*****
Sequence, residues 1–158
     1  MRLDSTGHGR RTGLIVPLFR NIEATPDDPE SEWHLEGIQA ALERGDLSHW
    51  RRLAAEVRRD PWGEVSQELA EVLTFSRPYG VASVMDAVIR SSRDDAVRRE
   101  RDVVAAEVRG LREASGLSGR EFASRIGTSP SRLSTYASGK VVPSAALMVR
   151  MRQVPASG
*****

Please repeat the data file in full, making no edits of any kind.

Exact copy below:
Sequence, residues 1–158
     1  MRLDSTGHGR RTGLIVPLFR NIEATPDDPE SEWHLEGIQA ALERGDLSHW
    51  RRLAAEVRRD PWGEVSQELA EVLTFSRPYG VASVMDAVIR SSRDDAVRRE
   101  RDVVAAEVRG LREASGLSGR EFASRIGTSP SRLSTYASGK VVPSAALMVR
   151  MRQVPASG